Today’s book review of a writing guide is brought to you by yours truly, Morgen Bailey. If you’d like your book reviewed (please note I’m usually booked up months in advance) and / or to send me a book review of another author’s book, see book-reviews for the guidelines. Other options listed on opportunities-on-this-blog.
StoryWorks by Jane Bailey Bain
Synopsis: Inspirational leaders know the power of story. Top coaches use words as a tool for personal transformation. Great speakers and writers realize the importance of narrative. Do you have a new idea? A good proposal? A great product? The best way to sell it is by telling a story. This book shows you how to do that effectively. It is a practical handbook on how to tell stories, and ranges from classic tools like the ‘Rule of Threes’ to the new mnemonic ‘Five Finger Technique’. There are stories and creative exercises to expand your narrative repertoire. If you’re a leader who wants to communicate well, a professional keen to improve your speaking skills, a manager with a team to motivate or a writer looking for more ideas – you’ll find resources here to inspire, to inform and to entertain. Whether you have one minute to impress at an interview or the keynote speech at a conference, this book will help you tell better stories.
This guide is available via http://www.amazon.co.uk/StoryWorks-Handbook-Leaders-Writers-Speakers-ebook/dp/B00W8FCM7Y and http://www.amazon.com/StoryWorks-Handbook-Leaders-Writers-Speakers-ebook/dp/B00W8FCM7Y.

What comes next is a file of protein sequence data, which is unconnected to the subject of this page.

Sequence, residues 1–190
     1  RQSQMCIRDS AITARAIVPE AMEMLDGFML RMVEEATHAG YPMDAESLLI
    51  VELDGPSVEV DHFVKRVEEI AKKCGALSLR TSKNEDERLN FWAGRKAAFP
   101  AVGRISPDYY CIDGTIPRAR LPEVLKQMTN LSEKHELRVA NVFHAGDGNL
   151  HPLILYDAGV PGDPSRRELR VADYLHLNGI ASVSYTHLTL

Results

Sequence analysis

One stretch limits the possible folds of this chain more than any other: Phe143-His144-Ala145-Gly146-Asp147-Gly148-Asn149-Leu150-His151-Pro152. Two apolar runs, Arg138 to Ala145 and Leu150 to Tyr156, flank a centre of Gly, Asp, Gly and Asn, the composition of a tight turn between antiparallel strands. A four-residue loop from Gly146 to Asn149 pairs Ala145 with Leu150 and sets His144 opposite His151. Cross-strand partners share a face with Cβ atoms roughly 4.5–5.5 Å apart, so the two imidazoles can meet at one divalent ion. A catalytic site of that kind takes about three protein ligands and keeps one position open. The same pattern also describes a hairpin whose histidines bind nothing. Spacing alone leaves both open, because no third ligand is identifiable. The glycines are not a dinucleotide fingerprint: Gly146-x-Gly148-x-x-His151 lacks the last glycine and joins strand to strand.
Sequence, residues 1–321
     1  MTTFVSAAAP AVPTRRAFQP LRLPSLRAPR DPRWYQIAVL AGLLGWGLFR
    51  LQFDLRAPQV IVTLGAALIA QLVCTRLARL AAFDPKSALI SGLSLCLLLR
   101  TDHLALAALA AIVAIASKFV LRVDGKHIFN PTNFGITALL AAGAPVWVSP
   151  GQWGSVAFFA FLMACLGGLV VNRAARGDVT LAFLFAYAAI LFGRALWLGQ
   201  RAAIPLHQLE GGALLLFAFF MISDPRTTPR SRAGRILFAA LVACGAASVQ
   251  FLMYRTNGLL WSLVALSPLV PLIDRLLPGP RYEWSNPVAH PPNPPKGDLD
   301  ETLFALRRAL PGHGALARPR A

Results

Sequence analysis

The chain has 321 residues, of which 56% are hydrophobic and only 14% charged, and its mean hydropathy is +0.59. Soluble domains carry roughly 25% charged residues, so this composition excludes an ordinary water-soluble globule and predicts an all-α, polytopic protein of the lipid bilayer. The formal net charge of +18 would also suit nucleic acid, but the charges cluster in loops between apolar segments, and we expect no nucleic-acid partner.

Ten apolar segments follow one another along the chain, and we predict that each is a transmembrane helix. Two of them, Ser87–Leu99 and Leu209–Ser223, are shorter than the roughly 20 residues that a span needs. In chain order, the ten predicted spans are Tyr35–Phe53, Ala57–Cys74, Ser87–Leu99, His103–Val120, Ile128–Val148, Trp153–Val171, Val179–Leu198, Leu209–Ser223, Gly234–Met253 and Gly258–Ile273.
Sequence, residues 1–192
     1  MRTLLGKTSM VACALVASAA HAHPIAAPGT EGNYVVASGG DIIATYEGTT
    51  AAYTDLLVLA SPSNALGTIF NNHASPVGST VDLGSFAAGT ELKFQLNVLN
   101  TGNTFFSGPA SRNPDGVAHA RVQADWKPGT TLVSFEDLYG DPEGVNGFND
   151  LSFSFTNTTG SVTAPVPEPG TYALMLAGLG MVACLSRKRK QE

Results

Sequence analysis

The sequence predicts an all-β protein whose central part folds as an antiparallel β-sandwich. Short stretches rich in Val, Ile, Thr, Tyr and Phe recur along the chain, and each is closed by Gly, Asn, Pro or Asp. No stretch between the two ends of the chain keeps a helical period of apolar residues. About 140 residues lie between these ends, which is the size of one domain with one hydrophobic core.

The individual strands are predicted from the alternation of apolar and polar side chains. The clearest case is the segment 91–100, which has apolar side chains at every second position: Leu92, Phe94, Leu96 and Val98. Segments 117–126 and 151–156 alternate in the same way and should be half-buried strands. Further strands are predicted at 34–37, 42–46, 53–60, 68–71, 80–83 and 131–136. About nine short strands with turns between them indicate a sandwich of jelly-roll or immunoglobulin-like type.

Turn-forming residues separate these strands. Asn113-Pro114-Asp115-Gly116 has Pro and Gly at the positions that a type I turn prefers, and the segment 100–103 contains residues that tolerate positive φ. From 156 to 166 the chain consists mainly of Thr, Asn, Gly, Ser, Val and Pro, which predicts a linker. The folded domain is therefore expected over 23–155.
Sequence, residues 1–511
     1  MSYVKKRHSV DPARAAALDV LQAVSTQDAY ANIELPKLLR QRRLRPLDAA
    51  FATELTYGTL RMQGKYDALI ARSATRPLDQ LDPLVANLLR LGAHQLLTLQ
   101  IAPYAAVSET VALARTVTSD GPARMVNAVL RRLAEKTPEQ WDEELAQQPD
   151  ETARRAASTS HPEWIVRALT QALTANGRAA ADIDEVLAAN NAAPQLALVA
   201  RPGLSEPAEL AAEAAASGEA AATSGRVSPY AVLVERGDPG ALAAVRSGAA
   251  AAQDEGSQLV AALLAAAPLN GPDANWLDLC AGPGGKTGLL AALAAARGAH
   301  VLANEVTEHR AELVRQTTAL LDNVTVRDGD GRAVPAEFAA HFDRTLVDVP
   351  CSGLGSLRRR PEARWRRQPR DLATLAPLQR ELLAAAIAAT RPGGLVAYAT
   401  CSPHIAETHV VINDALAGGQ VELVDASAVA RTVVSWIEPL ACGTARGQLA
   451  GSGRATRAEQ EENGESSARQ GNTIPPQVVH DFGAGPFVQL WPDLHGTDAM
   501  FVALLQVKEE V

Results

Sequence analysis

This guide starts with a really interesting background to storytelling over the centuries and how it has influenced us ever since. Jane then goes on to show how fiction can have much more impact than nonfiction and analyses examples showing this.
It was very interesting to learn different techniques for not only writing but some that can be used in other areas of our lives. The five senses section was unusual, and although we all know that chopping things into segments work well (I tell my students that 300 words a day equates to over 100,000 words a year – you could write a novel in just 20 minutes a day), it was a useful reminder.
Jane shares her extensive knowledge with us, and this book is so rich that, like a calorific cake, it is best devoured in small chunks in order to savour each portion.
For me, though, there were too many fables, and I wondered the relevance of having so many seemingly illustrating the same type of character, but it leads by example, and lovers of fables and fairytales would relish this style of teaching and the content within. I would have preferred more of a balance of contemporary to historical.
I spotted a cliché: ‘until you are blue in the face’ but it didn’t feel so bad in non-fiction narration.
Apart from the five finger technique (which in itself would be worth purchasing the book for), the most interesting pieces for me where right near the end: tips for storytelling, story worksheet, creating characters and business application and stories.
The final ‘about the author’ lists Jane’s background. Apart from being an executive coach, she has worked for several years as an advisor on development projects in Asia and Africa and these clearly have an influence on the stories chosen for this handbook.